Thus, in the instant action, MERS, as nominee for DELTA, is DELTA’s agent for limited purposes. It only has those powers given to it and authorized by DELTA, its principal. Plaintiff HSBC failed to submit documents authorizing MERS, as nominee for DELTA, to assign the subject consolidation extension and modification mortgage to plaintiff HSBC. Therefore, MERS lacked authority to assign the TAHER mortgage, making the assignment defective. In Bank of New York v Alderazi (28 Misc 3d 376, 379-380 [Sup Ct, Kings County 2010]), Justice Wayne Saitta instructed that:
A party who claims to be the agent of another bears the burden
of proving the agency relationship by a preponderance of the evidence
(Lippincott v East River Mill & Lumber Co., 79 Misc 559 )
and “[t]he declarations of an alleged agent may not be shown for
the purpose of proving the fact of agency.” (Lexow & Jenkins, P.C. v
Hertz Commercial Leasing Corp., 122 AD2d 25 [2d Dept 1986]; see
also Siegel v Kentucky Fried Chicken of Long Is. 108 AD2d 218 [2d
Dept 1985]; Moore v Leaseway Transp/ Corp., 65 AD2d 697 [1st Dept
1978].) “[T]he acts of a person assuming to be the representative of
another are not competent to prove the agency in the absence of evidence
tending to show the principal’s knowledge of such acts or assent to them.”
(Lexow & Jenkins, P.C. v Hertz Commercial Leasing Corp., 122 AD2d
at 26, quoting 2 NY Jur 2d, Agency and Independent Contractors § 26).
Further, several weeks ago, the Appellate Division, Second Department in Bank
of New York v Silverberg, (___ AD3d ___, 2011 NY Slip Op 05002 [June 7, 2011]), confronted the issue of “whether a party has standing to commence a foreclosure action when that party’s assignor—in this case, Mortgage Electronic Registration Systems, Inc. (hereinafter MERS)—was listed in the underlying mortgage instruments as a nominee and mortgagee for the purpose of recording, but was never the actual holder or assignee of the underlying notes.” The Court held, “[w]e answer this question in the negative.” Silverberg, similar to the instant TAHER matter, deals with the foreclosure of a mortgage with a consolidation, modification and extension agreement. MERS, in the Silverberg case and the instant TAHER action, never had title or possession of the Note and the definition of “Note Holder” is substantially the same in both consolidation, extension and [*13]modification agreements. The Silverberg Court instructed, at * 4-5:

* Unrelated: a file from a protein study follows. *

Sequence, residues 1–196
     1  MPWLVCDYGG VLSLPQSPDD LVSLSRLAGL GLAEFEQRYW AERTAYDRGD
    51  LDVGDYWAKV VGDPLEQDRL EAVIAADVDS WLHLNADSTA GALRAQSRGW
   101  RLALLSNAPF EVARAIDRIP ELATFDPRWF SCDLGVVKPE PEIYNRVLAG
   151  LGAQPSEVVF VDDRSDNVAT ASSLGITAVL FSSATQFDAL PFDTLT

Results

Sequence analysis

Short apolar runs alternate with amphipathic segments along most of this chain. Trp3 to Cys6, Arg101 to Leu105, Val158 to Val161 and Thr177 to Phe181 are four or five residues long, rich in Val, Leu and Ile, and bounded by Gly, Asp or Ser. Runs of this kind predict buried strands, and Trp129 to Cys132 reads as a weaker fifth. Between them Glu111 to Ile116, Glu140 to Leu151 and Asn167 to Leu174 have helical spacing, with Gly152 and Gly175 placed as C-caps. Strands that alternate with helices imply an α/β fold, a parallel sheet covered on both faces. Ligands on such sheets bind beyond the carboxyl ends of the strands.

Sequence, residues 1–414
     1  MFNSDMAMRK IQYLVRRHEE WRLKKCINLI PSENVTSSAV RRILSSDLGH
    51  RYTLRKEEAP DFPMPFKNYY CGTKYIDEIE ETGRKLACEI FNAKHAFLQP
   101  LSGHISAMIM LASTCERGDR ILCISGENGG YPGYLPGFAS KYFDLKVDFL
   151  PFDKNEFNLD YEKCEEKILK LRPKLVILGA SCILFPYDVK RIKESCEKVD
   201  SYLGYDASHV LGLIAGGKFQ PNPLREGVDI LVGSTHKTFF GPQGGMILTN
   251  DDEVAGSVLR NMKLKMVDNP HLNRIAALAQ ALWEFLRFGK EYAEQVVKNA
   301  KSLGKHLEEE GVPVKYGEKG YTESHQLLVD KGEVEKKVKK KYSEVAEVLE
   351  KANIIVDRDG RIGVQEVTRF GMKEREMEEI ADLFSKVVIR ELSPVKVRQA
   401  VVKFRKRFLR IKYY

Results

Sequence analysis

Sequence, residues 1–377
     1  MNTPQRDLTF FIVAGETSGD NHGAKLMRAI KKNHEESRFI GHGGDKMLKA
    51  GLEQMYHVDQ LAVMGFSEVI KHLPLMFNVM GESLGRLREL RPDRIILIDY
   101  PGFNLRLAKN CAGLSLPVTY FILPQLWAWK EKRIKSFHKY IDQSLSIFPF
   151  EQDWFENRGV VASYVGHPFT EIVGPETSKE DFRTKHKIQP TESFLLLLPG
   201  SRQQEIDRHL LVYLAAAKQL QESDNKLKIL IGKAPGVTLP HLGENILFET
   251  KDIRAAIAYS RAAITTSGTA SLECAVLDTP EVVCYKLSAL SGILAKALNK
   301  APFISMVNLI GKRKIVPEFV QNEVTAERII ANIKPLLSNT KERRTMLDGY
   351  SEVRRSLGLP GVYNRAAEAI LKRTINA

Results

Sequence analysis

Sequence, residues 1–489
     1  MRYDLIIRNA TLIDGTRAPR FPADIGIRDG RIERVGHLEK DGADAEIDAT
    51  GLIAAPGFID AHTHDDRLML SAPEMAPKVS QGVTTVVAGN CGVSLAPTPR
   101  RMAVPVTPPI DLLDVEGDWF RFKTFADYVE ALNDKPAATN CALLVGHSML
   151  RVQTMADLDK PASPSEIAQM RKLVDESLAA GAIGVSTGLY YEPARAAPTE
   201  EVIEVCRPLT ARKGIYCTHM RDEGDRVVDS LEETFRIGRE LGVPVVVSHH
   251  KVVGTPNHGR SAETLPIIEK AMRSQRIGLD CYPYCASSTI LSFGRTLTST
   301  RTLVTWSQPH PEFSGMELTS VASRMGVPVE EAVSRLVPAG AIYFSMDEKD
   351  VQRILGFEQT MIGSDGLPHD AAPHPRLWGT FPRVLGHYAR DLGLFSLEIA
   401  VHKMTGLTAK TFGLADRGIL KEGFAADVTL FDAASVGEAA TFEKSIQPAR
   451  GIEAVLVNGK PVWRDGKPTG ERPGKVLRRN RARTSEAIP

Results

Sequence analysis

the assignment of the notes was thus beyond MERS’s authority as
nominee or agent of the lender (see Aurora Loan Servs., LLC v
Weisblum, AD3d, 2011 NY Slip Op 04184, *6-7 [2d Dept 2011];
HSBC Bank USA v Squitteri, 29 Misc 3d 1225 [A] [Sup Ct, Kings
County, F. Rivera, J.]; ; LNV Corp. v Madison Real Estate, LLC,
2010 NY Slip Op 33376 [U] [Sup Ct, New York County 2010,
York, J.]; LPP Mtge. Ltd. v Sabine Props., LLC, 2010 NY Slip Op
32367 [U] [Sup Ct, New York County 2010, Madden, J.]; Bank of
NY v Mulligan, 28 Misc 3d 1226 [A] [Sup Ct, Kings County 2010,
Schack, J.]; One West Bank, F.S.B., v Drayton, 29 Misc 3d 1021
[Sup Ct, Kings County 2010, Schack, J.]; Bank of NY v Alderazi,
28 Misc 3d 376, 379-380 [Sup Ct, Kings County 2010, Saitta, J.]
[the “party who claims to be the agent of another bears the burden
of proving the agency relationship by a preponderance of the evidence”];
HSBC Bank USA v Yeasmin, 24 Misc 3d 1239 [A] [Sup Ct, Kings
County 2010, Schack, J.]; HSBC Bank USA, N.A. v Vasquez, 24
Misc 3d 1239 [A], [Sup Ct, Kings County 2009, Schack, J.]; Bank of
NY v Trezza, 14 Misc 3d 1201 [A] [Sup Ct, Suffolk County 2006,
Mayer, J.]; La Salle Bank Natl. Assn. v Lamy, 12 Misc 3d 1191 [A]
[Sup Ct, Suffolk County, 2006, Burke, J.]; Matter of Agard, 444 BR
231 [Bankruptcy Court, ED NY 2011, Grossman, J.]; but see U.S.
Bank N.A. v Flynn, 27 Misc 3d 802 [Sup Ct, Suffolk County 2011,
Moreover, the Silverberg Court concluded, at * 5, that “because MERS was never the lawful holder or assignee of the notes described and identified in the consolidation agreement, the . . . assignment of mortgage is a nullity, and MERS was without authority to assign the power to foreclose to the plaintiff. Consequently, the plaintiff failed to show that it had standing to foreclose.” Further, Silverberg the Court observed, at * 6, “the law must not yield to expediency and the convenience of lending institutions. Proper procedures must be followed to ensure the reliability of the chain of ownership, to secure the dependable transfer of property, and to assure the enforcement of the rules that govern real property.” [Emphasis added]
Therefore, the instant action is dismissed with prejudice.
Cancellation of subject notice of pendency
The dismissal with prejudice of the instant foreclosure action requires the